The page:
“The beginning of the gospel of Jesus Christ, the Son of God… And a voice came from heaven, ‘You are my beloved Son; with you I am well pleased’” (Mark 1:1, 11)
Jesus is referred to as a “Son of” someone in different ways throughout the Bible. We are going to look at those different titles for the rest of the week. Yesterday we considered the truth that the child was fully God and fully man. We are going to continue that thought today by focusing on the title, Son of God.
This was a familiar title in the Bible, which first referred to the nation of Israel. “Then you shall say to Pharaoh, ‘Thus says the Lord, Israel is my firstborn son, and I say to you, “Let my son go that he may serve me.” If you refuse to let him go, behold, I will kill your firstborn son’”” (Exodus 4:22–23). God had placed his people in a loving relationship of father and son, and his plan was to save his son from bondage in Israel, which he did.
Later in the Old Testament this title was attached to a particular person, the King. “He shall build a house for my name, and I will establish the throne of his kingdom forever. I will be to him a father, and he shall be to me a son. When he commits iniquity, I will discipline him with the rod of men, with the stripes of the sons of men” (2 Samuel 7:13–14). It was David of whom God was speaking in the present context, but God was also pointing to a greater King who would also suffer.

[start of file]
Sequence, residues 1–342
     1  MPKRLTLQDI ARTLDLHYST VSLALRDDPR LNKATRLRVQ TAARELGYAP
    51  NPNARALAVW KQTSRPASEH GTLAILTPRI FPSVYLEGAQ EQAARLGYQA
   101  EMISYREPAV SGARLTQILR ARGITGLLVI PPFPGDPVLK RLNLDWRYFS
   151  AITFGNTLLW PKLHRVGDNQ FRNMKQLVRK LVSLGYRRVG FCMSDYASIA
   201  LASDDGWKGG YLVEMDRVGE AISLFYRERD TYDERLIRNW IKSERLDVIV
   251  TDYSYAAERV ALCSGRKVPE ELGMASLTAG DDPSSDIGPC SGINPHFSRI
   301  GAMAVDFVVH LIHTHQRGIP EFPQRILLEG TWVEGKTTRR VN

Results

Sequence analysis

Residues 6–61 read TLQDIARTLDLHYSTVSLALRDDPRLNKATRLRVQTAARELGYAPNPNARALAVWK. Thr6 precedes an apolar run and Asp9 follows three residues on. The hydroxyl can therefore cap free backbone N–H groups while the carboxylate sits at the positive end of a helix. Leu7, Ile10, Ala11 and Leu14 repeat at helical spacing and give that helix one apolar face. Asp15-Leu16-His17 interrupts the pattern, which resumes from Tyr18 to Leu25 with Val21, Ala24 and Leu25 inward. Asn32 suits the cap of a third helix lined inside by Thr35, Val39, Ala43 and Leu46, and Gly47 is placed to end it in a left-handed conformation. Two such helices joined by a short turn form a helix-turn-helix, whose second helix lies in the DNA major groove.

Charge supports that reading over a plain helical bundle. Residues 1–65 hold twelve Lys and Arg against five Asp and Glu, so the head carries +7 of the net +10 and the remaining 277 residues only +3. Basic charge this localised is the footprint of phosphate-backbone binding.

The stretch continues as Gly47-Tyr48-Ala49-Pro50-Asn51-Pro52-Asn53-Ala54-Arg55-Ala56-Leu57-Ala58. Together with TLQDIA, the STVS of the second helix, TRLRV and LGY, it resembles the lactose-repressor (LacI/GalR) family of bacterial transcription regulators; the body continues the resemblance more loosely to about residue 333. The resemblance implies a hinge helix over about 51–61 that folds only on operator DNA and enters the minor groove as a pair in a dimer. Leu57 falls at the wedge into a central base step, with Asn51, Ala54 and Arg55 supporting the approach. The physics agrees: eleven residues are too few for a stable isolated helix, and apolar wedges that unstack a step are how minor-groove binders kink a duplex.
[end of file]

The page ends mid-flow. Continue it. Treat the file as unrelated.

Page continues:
It is not until we get to the New Testament that we see Jesus as the true Son of God. Mark uses this title for Jesus throughout his gospel. Jesus fulfills this title through his kingly authority, but also through his righteousness and suffering for our sin. He was and is God’s Son, his Son that he loved and with whom he was well pleased. Jesus is fully God, of the same nature as his father. At his death, he was finally recognized as the Son of God by the centurion. “And when the centurion, who stood facing him, saw that in this way he breathed his last, he said, ‘Truly this man was the Son of God!’” (Mark 15:39).
“The centurion’s confession is the saving proclamation of the church, for it is the convergence point of Mark’s two major themes: the meaning of Jesus and the meaning of faith. The Son of God, on whom rests the unique blessing and love of the Father, chooses not to exalt himself but to follow a path of servanthood, indeed of vicarious suffering and death, so that through the cross the world might acknowledge him to be the Son and with him share free and joyful access to the Father” (James Edwards).